During his hearing on Tuesday, Acting Director of Homeland Security, Kevin McAleenan, told Senator Graham (R - S.C.) that if the 2013 Border Security, Economic Opportunity, and Immigration Modernization Act, S. 744, also known as the Gang of Eight Bill had passed, many of today's border security hurdles would be moot. Tuesday's hearing allowed Acting Director McAleenan to testify before the Senate Judiciary Committee on the overwhelming numbers of migrants from Central America trying to enter the United States.
On the topic of the Gang of Eight Bill, Sen. Graham posed the question: "If we'd passed th(is)... bill, do you agree that most of the problems we're dealing with, if not all, would not exist?" To which McAleenan replied: "We'd have 20,000 additional border security agents, we'd be a lot more secure on the border."
Later in the hearing, Sen. Graham returned to questioning McAleenan on the failed 2013 bill, asking:
Isn't there generally a trade-off in a deal, where one side gets something and the other side gets something? Hasn't the old trade-off been, we'll give a pathway to citizenship for non-felons in return for border security?
This commentary from McAleenan and Senator Graham could foreshadow some trouble for Graham's current immigration reform bill, S.1494, The Secure and Protect Act of 2019, which is still in committee in the U.S. Senate. Senator Graham is touting the bill as a way to halt the massive influx of illegal immigration currently being seen at the Southern Border. His bill would require immigrants seeking asylum to make their claim in their home countries and allow alien minors to be held in detention for up to 100 days. As it stands, The Secure and Protect Act of 2019 does not include any mass amnesties or extralegal pathways to citizenship, it simply lays out an enforcement plan to amend several legal loopholes that are currently being exploited by aliens at and near the border.
Nevertheless, the intended notion by both Acting Director McAleenan and Sen. Graham that the U.S. would not be facing its current border crisis if the Gang of Eight Bill had been brought up and passed by the house and subsequently signed by then President Obama could not be farther from the truth. In actuality, the situation today would be much worse if S. 744 had passed in 2013.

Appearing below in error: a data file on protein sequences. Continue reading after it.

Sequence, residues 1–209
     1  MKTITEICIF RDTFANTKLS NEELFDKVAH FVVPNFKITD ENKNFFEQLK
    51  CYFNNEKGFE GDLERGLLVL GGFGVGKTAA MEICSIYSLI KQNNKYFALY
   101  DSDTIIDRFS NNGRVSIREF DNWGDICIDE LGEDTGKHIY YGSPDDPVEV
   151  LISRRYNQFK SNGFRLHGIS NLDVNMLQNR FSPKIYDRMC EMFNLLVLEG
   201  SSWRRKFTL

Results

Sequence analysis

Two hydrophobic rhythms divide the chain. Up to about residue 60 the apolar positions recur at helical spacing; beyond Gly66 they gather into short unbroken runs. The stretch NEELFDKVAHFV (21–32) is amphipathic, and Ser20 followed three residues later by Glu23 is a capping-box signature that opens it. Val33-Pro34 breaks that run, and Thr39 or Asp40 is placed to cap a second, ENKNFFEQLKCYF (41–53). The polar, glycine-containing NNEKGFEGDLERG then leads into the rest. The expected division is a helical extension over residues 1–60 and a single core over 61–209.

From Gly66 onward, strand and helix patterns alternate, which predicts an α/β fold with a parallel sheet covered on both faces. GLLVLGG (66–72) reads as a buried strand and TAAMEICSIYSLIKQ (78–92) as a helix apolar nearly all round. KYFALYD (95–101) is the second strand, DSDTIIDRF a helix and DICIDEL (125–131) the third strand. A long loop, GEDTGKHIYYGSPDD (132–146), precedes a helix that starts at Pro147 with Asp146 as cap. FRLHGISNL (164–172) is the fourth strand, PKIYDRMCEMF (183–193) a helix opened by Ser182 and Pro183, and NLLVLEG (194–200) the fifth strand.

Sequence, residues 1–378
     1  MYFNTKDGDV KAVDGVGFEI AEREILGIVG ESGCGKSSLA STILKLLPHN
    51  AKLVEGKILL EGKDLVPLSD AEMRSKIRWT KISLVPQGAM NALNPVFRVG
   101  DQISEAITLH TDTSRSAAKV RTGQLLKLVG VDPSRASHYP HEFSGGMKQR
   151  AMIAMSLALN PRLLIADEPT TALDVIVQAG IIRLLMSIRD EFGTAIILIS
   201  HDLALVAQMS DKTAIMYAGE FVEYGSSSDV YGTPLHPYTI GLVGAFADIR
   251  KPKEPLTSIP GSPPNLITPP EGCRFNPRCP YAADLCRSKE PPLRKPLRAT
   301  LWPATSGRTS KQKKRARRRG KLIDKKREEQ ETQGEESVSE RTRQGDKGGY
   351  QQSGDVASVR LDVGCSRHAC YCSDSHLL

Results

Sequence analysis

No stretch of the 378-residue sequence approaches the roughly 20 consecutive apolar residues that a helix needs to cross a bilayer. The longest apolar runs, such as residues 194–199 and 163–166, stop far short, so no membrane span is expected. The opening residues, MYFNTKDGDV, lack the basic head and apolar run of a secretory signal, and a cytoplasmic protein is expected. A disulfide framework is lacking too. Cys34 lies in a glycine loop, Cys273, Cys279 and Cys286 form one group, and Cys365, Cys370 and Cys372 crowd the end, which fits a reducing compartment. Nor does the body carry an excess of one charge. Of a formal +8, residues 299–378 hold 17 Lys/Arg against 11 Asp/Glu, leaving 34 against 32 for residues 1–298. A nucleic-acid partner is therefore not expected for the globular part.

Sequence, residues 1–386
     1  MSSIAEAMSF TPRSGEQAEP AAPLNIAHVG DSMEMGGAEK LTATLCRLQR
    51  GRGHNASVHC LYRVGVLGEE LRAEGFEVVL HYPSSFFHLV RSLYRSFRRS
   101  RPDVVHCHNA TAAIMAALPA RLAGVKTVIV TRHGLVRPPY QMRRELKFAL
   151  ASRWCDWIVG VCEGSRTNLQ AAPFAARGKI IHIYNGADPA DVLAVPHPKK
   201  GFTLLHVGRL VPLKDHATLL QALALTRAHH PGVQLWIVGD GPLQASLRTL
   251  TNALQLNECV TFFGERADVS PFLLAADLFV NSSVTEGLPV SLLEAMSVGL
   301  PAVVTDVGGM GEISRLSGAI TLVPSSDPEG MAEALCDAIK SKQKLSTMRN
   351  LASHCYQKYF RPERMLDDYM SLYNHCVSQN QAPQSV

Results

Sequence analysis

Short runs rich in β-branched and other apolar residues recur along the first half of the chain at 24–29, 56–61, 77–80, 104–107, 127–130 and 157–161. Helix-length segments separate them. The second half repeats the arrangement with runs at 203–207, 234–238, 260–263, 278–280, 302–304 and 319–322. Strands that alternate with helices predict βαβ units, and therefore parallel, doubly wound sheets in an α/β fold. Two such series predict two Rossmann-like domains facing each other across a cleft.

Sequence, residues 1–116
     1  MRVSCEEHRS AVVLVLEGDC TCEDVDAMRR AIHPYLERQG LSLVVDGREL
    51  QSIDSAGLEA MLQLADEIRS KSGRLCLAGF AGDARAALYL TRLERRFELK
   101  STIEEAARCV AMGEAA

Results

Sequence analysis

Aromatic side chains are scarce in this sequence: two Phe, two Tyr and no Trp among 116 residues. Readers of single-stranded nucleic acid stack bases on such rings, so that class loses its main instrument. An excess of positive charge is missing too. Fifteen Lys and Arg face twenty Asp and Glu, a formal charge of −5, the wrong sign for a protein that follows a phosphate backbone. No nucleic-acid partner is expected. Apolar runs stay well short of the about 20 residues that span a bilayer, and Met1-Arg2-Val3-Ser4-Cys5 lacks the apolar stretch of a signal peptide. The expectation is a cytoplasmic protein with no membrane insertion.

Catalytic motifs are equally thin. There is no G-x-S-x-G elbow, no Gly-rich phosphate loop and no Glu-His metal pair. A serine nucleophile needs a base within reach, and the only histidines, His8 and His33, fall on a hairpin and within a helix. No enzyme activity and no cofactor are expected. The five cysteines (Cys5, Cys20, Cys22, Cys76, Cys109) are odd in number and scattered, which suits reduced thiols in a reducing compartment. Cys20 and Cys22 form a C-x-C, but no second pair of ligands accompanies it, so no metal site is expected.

The Gang of Eight Bill, S. 744, had many ultimately fatal flaws; in a letter warning other senators about such defects Senators Chuck Grassley (R-Iowa), Jeff Sessions (R-Ala.), Ted Cruz (R-Texas), and Mike Lee (R-Utah) stated:
We need immigration reform, but the American people deserve better than a 1,000-page bill that makes our immigration system more complex and less accountable without truly ensuring border security. Americans expect their government to end the lawlessness, not surrender to it. S.744 fails to deliver anything more than the same empty promises Washington has been making for 30 years.
Plus, despite the Senator's and Acting Director's claims on Tuesday, every amnesty bill passed in recent history has spurred exceptionally large surges of illegal immigration at the southern border. In fact, the current surge being experienced at the border comes after talks of amnesty last summer with the Goodlatte-Ryan-Denham Amnesty Bill of 2018 which proposed amnesty for millions of DACA recipients whose status was in danger of being changed. On top of that, the massive wave of immigrants that ascended on the U.S./Mexico border in 2014/2015, comprised of more than 3.1 million new aliens both legal and illegal, was brought about by talks surrounding the Gang of Eight Bill and President Obama's DACA program. Americans realized that a bill proposing amnesty to 11,000,000 illegal aliens, like the Gang of Eight Bill, which would also create no real enforcement opportunities or demands was not the right course of action in 2013, just as Americans realize it is not the right course of action today.
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Updated: Thu, Jun 27th 2019 @ 10:20am EDT